What exactly is the hype around adventure tourism – a term that has flooded Namibia relentlessly in the past months (unlike the rain) after the announcement that we will be the first African country to host the Adventure Travel World Summit (ATWS) in October.
Adventure tourism seems to be about journeys … journeys that positively impact the lives of others and yourself.
And Namibia is evidently poised to use the skyrocketing growth of the adventure tourism market as an opportunity to make a statement to the world that we are where it’s happening.
Adventure tourism is about tourism that focuses on sustainable, positive legacies – and Namibia’s tourism market, which is so organically interwoven with conservation initiatives and cultural pride is perfectly fitted to the adventure travel tribe’s desires.
Chris Doyle, Vice President of the Adventure Travel Trade Association (ATTA) told the tourism sector this week that adventure tourism is about teaching the world that there is a fun alternative to tourism resorts.
“Adventure tourism is the deeper, more transformative side of travel. Adventure is an aspirational terms, we all want to go beyond our comfort zones, whether physically or culturally”.
And of course, Namibians should get ready to understand the term because in a few short months – a quick autumn, a winter and a spring, the country will be flooded with enthusiastic travellers.
These travelers have come to understand that a holiday does not necessarily mean drinking marguharita’s at a beach bar in a foreign country – and that when you return home, you know as little about it’s people, wildlife, nature as when you first arrived.
Taleb Rifai, Secretary-General of the World Tourism Organization (UNWTO) told the Namibian tourism sector yesterday (via video) that “travel must be an experience, one that must add something to your own self afterwards. Adventure tourism is what tourism should be today and will be tomorrow”.
Travel, tourism, taking time off from the hum drum of your eight to five job, can mean a genuine life altering experience.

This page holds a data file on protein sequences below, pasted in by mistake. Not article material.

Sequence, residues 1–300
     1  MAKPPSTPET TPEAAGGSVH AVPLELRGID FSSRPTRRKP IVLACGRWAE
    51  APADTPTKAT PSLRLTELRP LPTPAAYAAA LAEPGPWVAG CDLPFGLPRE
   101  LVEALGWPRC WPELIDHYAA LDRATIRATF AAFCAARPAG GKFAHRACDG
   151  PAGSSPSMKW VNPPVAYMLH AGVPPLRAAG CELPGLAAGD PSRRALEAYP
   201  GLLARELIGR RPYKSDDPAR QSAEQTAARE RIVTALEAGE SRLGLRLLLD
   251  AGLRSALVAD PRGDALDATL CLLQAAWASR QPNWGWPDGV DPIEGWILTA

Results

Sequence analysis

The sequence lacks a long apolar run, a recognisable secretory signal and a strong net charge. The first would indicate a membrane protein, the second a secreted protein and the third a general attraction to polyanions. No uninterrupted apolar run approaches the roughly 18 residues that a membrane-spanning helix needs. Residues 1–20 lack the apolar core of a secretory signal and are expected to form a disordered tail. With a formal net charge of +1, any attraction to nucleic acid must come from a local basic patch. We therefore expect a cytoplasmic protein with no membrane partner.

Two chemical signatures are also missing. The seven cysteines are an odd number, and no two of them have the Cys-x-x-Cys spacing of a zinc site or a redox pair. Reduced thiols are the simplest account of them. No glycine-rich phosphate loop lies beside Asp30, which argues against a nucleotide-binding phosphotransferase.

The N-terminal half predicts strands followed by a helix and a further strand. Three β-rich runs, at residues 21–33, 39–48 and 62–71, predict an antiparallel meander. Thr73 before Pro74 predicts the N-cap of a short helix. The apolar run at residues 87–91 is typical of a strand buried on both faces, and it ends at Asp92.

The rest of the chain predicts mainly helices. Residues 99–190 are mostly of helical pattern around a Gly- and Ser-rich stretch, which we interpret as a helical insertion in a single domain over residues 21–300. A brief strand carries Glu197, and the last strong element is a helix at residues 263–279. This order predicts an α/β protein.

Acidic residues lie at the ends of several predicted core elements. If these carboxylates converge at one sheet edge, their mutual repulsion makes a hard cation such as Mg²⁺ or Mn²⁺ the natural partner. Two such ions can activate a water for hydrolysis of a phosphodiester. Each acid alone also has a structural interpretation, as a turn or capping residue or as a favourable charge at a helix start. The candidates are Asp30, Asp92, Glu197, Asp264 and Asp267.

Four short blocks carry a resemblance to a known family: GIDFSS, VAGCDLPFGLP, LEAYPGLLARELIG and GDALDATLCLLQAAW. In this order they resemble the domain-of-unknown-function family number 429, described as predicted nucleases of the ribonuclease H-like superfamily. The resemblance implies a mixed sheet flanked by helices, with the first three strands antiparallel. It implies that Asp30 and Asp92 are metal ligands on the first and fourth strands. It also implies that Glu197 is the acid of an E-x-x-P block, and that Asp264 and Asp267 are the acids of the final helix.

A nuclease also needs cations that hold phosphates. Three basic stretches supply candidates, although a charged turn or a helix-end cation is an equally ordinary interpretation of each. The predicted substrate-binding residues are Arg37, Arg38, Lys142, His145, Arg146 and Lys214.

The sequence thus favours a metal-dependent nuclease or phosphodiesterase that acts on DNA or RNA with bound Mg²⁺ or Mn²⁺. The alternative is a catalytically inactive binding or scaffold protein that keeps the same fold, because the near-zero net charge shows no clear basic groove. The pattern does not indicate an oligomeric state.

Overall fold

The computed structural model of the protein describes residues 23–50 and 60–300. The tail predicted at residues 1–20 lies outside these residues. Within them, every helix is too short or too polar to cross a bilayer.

Doyle yesterday astutely remarked that Namibia should use the ATWS 2013 as a “megaphone to get the message” across. He said the fact that 42% (and growing) is under some type of conservation management in Namibia and that the constitution mandates sustainable management of resources is a story worth telling.
He said that Namibia is a forerunner and prime example of real unity, team work, partnership and collaboration. “They are not words here. These are not platitudes. Its a fact”.
But despite being the authors and protagonists in “one of the most compelling stories in tourism today” Namibians have to pull up there sleeves and work hard to prepare to tell a flawless, cohesive story to the ATWS visitors in October.
“We all need to show them the best of what Namibia has to offer. You have to bring your A-game. this is your pivot point, where people will be focusing on Namibia. You need a unified message – we are committed to conservation to people, places and wildlife”.
TELL YOUR OWN STORY
Important: Tell your own story woven into the unified story.
During a panel discussion at yesterday’s ATWS 2013 prep event, a number of journalists shared advice on how to prepare for the ATWS 2013.
One panelist said that it is important to focus on telling a story that deeply resonates with the USA and Europe – where parks have become museums. “There is a disconnect between people and wildlife”.
Here, in Namibia, living alongside wildlife and harsh environments is still a daily challenge.
The story here is that Namibia is at the forefront of trying to find ways that benefit both the communities and the wildlife in the areas to amicably get along, as it were. A unique story. A story that doesn’t exist in the USA or Europe.
“Be proud and shout loudly about it”.
Freelance photographer, journalist and adventure traveller Cameron Martindall said it’s important for the tourism players to pitch relevant stories to the media – be prepared and know the topics.
Jeff Parish from the World Wildlife Fund (WWF) admitted that he “never felt luckier” as when he first came to Namibia. In an overcrowded world the story of people and wildlife living together; of communities taking ownership of their surroundings and wildlife and cultures – the story of Namibia is truly exemplary.
“There is no better model than what you have created. You have taken the risk and shown how it works”.
He added a cautionary word: “It’s only going to continue to work if you bring people to see this model. Remember each of you have a different story about your place”.
Ultimately, the ATWS is an opportunity to bring together new partners, to promote the Namibian story – a place where animals and people still roam freely and have the audacity to insist that nature should be protected and development should align with that goal.
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